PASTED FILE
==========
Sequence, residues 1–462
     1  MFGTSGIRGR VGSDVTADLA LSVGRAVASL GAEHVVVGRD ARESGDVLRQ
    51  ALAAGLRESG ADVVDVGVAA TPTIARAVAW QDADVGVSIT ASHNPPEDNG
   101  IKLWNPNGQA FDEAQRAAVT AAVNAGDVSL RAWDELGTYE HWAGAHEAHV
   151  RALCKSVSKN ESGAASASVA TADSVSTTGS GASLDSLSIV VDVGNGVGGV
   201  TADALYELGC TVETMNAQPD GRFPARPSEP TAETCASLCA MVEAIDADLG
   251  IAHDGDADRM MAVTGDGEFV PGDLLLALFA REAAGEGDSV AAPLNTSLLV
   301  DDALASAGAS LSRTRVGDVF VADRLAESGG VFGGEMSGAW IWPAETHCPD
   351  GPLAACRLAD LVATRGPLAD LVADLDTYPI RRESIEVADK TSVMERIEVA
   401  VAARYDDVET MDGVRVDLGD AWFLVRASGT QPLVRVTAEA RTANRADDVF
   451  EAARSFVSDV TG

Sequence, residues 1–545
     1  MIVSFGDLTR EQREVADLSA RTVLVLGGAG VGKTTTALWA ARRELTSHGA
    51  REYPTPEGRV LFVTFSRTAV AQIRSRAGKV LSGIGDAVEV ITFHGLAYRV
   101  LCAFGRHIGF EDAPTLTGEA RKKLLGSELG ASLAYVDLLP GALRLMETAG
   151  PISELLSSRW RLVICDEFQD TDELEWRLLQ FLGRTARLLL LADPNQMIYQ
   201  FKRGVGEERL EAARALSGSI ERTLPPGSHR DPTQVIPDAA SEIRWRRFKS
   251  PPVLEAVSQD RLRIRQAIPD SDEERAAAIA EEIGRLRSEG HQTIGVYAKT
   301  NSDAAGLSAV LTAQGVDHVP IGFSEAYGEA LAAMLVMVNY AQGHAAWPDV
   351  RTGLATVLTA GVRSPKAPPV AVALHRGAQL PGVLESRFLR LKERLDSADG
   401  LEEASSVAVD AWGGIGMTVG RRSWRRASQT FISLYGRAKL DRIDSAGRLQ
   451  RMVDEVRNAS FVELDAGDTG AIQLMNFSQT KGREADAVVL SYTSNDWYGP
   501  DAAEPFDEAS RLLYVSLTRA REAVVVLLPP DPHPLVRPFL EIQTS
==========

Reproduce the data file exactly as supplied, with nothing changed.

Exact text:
Sequence, residues 1–462
     1  MFGTSGIRGR VGSDVTADLA LSVGRAVASL GAEHVVVGRD ARESGDVLRQ
    51  ALAAGLRESG ADVVDVGVAA TPTIARAVAW QDADVGVSIT ASHNPPEDNG
   101  IKLWNPNGQA FDEAQRAAVT AAVNAGDVSL RAWDELGTYE HWAGAHEAHV
   151  RALCKSVSKN ESGAASASVA TADSVSTTGS GASLDSLSIV VDVGNGVGGV
   201  TADALYELGC TVETMNAQPD GRFPARPSEP TAETCASLCA MVEAIDADLG
   251  IAHDGDADRM MAVTGDGEFV PGDLLLALFA REAAGEGDSV AAPLNTSLLV
   301  DDALASAGAS LSRTRVGDVF VADRLAESGG VFGGEMSGAW IWPAETHCPD
   351  GPLAACRLAD LVATRGPLAD LVADLDTYPI RRESIEVADK TSVMERIEVA
   401  VAARYDDVET MDGVRVDLGD AWFLVRASGT QPLVRVTAEA RTANRADDVF
   451  EAARSFVSDV TG

Sequence, residues 1–545
     1  MIVSFGDLTR EQREVADLSA RTVLVLGGAG VGKTTTALWA ARRELTSHGA
    51  REYPTPEGRV LFVTFSRTAV AQIRSRAGKV LSGIGDAVEV ITFHGLAYRV
   101  LCAFGRHIGF EDAPTLTGEA RKKLLGSELG ASLAYVDLLP GALRLMETAG
   151  PISELLSSRW RLVICDEFQD TDELEWRLLQ FLGRTARLLL LADPNQMIYQ
   201  FKRGVGEERL EAARALSGSI ERTLPPGSHR DPTQVIPDAA SEIRWRRFKS
   251  PPVLEAVSQD RLRIRQAIPD SDEERAAAIA EEIGRLRSEG HQTIGVYAKT
   301  NSDAAGLSAV LTAQGVDHVP IGFSEAYGEA LAAMLVMVNY AQGHAAWPDV
   351  RTGLATVLTA GVRSPKAPPV AVALHRGAQL PGVLESRFLR LKERLDSADG
   401  LEEASSVAVD AWGGIGMTVG RRSWRRASQT FISLYGRAKL DRIDSAGRLQ
   451  RMVDEVRNAS FVELDAGDTG AIQLMNFSQT KGREADAVVL SYTSNDWYGP
   501  DAAEPFDEAS RLLYVSLTRA REAVVVLLPP DPHPLVRPFL EIQTS